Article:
Tuesday, July 17, 2012

Burmese MPs focus on anti-corruption laws

Tuesday, 17 July 2012 13:45 Mizzima News

MPs in Burma’s Lower House are pushing for stronger anti-corruption laws at all levels of government.

During last week’s session, MPs called for more clear and stronger penalties for taking bribes, citing “some dishonest judges and senior office staff who enjoy bribery in the country.” Bribery is recognized as endemic throughout Burma at all levels of government.

MPs said the anti-corruption bill should include how to take action against officials in bribery cases and the relevant punishments. A stronger law will support the implementation of “clean government,” they said. The legislation, along with the foreign investment law, are considered key requirements to move the country to the next level of reforms, which President Thein Sein said at the start of this parliamentary session represented the government’s “second wave” of reforms.

MP Thein Nyunt at the opening ceremony for a party office in Rangoon in December 2011. Photo: Mizzima

Another MP said more government transparency is needed, and that government personnel should also be paid reasonable salaries.

The anti-corruption bill was discussed in state-run newspapers on July 9, and advice is being sought from the public.

Parliamentary lawmakers are quickly adapting to the art of getting information from the government and its ministries, while attempting to shape proposed bills and laws.

Lower House MP Thein Nyunt, 66, the chairman of the New National Democracy Party, told Reuters in early July the anti-corruption law is based on similar laws from Malaysia and Singapore.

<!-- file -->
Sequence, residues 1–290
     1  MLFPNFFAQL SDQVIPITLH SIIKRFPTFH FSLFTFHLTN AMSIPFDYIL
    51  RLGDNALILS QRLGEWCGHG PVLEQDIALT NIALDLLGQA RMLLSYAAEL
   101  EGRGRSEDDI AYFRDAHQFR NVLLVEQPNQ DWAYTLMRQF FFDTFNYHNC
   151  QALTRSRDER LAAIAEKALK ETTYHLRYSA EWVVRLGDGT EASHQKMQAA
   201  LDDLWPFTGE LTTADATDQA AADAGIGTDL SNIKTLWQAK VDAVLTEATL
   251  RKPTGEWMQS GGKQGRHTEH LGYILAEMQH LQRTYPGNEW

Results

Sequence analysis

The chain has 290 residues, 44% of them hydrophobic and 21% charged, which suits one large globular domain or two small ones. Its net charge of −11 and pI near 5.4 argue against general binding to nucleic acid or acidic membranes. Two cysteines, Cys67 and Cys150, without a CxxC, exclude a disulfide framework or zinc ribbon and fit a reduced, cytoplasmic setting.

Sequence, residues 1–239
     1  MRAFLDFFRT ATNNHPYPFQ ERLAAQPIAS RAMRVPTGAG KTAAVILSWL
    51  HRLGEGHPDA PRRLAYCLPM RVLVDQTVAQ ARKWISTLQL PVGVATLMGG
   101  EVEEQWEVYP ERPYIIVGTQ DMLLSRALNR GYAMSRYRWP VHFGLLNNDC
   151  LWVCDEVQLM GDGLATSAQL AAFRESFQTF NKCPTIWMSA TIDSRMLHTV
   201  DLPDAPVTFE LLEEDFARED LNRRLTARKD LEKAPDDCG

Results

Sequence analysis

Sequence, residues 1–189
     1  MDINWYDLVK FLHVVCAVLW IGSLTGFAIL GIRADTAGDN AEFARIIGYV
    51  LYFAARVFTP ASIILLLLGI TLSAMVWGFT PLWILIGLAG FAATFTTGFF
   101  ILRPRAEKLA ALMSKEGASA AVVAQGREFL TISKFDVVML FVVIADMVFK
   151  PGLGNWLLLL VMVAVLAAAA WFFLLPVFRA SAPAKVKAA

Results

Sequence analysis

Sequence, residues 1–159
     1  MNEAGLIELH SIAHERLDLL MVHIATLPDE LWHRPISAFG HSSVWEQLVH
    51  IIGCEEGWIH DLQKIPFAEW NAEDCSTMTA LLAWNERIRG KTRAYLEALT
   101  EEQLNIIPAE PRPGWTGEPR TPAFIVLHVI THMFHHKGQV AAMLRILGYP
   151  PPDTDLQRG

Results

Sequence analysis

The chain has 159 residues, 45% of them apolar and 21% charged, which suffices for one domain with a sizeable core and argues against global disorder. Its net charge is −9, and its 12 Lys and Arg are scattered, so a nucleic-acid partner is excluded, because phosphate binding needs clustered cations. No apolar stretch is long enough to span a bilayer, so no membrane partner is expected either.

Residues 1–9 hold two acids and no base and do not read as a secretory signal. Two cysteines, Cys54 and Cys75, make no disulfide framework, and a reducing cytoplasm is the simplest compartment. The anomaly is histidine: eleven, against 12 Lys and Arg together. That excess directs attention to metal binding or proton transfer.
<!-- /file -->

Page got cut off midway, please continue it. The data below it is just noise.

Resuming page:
“Once enacted, this law will call for explanations of the source of wealth of those in power. I am sure this law will help resolve corruption, a major perennial problem in our society.”

The law could require individuals under investigation to provide proof that they have acquired their income and property legally.

Under the law, if anyone in a political post is found guilty of corruption, they could be sentenced up to 15 years in prison in addition to fines. High government-appointed officials could be liable to a prison term of up to 10 years and fines.

In addition, anyone who tries to change, transfer, conceal or destroy evidence of illegal possessions or wealth in order to avoid an investigation could be sentenced up to five years or fined.

The bill covers the formation of an anti-corruption commission, preliminary investigation teams, formation of the office of anti-corruption commission, declaration of wealth, property, liabilities, confiscation of illegal possessions, offences and penalties and other matters.

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